Alin Albu-Schäffer received his M.S. in electrical engineering from the Technical University of Timisoara, Romania in 1993 and his Ph.D. in automatic control from the Technical University of Munich in 2002. Since 2012 he is the head of the Institute of Robotics and Mechatronics at the German Aerospace Center (DLR), which he joined in 1995 as a Ph.D. candidate. Moreover, he is a professor at the Technical University of Munich, holding the Chair for "Sensor Based Robotic Systems and Intelligent Assistance Systems" at the Computer Science Department. His personal research interests include robot design, modeling and control, nonlinear control, flexible joint and variable compliance robots, impedance and force control, physical human-robot interaction, bio-inspired robot design and control. He received several awards, including the IEEE King-Sun Fu Best Paper Award of the Transactions on Robotics in 2012 and 2014; several ICRA and IROS Best Paper Awards as well as the DLR Science Award. He was strongly involved in the development of the DLR light-weight robot and its commercialization through technology transfer to KUKA.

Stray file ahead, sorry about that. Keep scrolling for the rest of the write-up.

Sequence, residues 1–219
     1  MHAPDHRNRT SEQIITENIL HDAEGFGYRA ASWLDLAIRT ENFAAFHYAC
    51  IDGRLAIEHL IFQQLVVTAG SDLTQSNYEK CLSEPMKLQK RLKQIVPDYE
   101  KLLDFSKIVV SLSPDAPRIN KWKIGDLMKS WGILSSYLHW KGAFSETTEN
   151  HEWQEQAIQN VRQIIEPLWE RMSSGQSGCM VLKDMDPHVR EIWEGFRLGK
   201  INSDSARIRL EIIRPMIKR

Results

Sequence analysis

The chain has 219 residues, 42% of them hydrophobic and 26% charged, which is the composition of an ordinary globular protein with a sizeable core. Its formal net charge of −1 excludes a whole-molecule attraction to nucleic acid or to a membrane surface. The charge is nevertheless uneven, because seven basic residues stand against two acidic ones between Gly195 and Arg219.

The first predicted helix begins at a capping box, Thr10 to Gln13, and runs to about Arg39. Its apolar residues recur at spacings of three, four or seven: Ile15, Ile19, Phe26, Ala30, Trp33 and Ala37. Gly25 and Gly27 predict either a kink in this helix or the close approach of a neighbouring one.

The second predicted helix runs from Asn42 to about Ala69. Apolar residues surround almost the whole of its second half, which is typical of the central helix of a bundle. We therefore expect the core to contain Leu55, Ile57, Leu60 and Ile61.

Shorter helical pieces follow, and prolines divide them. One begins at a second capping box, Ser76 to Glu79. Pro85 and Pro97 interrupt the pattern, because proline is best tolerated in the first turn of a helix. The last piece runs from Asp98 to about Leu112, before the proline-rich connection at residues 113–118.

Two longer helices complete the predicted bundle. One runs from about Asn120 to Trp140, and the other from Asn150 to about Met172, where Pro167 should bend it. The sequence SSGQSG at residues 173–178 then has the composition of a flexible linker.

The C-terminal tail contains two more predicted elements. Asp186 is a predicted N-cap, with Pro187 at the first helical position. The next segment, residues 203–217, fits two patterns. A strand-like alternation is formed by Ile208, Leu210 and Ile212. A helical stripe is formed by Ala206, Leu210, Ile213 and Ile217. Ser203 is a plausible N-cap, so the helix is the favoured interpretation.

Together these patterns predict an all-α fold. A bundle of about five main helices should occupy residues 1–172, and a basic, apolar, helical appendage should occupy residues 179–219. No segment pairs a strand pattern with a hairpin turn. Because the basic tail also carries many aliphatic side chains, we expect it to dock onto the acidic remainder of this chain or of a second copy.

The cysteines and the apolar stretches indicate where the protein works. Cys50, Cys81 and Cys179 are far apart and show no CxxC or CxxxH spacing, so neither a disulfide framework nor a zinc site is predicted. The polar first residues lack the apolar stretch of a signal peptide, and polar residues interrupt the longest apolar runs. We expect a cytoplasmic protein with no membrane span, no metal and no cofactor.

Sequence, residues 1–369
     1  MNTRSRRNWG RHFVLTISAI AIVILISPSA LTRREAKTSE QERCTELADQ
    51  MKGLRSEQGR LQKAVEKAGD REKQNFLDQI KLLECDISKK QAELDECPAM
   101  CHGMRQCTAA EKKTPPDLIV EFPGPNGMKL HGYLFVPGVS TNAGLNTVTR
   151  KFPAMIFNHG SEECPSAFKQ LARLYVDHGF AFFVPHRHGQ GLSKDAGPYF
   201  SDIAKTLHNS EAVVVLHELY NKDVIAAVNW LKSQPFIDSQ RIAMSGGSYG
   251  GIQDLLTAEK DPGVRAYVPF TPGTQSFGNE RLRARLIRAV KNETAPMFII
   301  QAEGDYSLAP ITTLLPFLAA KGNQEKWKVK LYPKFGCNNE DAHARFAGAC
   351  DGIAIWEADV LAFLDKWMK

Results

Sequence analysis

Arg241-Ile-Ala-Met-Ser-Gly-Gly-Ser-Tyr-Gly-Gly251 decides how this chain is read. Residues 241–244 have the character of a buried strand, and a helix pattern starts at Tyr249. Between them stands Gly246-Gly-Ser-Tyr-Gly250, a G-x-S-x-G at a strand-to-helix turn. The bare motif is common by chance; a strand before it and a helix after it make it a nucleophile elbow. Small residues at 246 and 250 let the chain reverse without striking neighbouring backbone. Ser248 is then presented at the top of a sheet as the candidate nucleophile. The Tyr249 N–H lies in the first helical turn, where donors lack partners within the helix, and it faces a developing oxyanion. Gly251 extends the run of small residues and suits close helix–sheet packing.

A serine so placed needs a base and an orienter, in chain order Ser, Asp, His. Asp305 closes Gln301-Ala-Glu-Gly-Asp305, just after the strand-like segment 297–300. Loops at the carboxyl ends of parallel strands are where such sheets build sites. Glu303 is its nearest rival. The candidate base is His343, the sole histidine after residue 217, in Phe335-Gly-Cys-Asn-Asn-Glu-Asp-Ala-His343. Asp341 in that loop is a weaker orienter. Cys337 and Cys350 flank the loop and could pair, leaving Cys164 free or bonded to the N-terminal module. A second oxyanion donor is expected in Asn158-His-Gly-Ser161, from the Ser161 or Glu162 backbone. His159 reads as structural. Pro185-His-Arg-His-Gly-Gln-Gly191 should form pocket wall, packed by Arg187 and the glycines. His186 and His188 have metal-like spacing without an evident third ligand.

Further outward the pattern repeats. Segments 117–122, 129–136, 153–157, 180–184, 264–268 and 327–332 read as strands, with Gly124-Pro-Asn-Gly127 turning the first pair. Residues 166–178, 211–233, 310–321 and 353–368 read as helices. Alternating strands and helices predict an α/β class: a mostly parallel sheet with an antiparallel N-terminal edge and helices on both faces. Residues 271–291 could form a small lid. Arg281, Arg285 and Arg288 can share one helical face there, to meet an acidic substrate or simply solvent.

15:30-16:30, September 3rd
Towards Superhuman Sports
Prof. Masahiko Inami
School of Media Design
Superhuman Sports, a form of "Human-Computer Integration” to overcome somatic and spatial limitation of humanity by merging technology with the body. In Japan, official home of the 2020 olympics and Paralympics, we hope to create a future of sports where everyone, strong or weak, young or old, abled or disabled, can play and enjoy playing without being disadvantaged. Technology empowers us to overcome the biological barriers of individuals and of our specie, so we can truly be equal athletes in the arena of super-human sports. But not to make athleticism invalid; like Circus or the extreme games, super human sports aims to push human performance into new peaks. This talk will also present our several approaches for enhancing human I/O. They include Telexistence, Optical Camouflage, Stop-Motion Goggle and Galvanic Vestibular Stimulation.
Masahiko Inami is a professor in the School of Media Design at the Keio University (KMD), Japan. His research interest is in human I/O enhancement technologies including perception, HCI and robotics. He received BE and MS degrees in bioengineering from the Tokyo Institute of Technology and PhD in 1999 from the University of Tokyo. His scientific achievements include the Retro-reflective Projection Technology (RPT) known as "Optical Camouflage," which was chosen as one of the coolest inventions of 2003 by /TIME/ magazine. His installations have appeared at Ars Electronica Center. He proposed and organized the Superhuman Sports.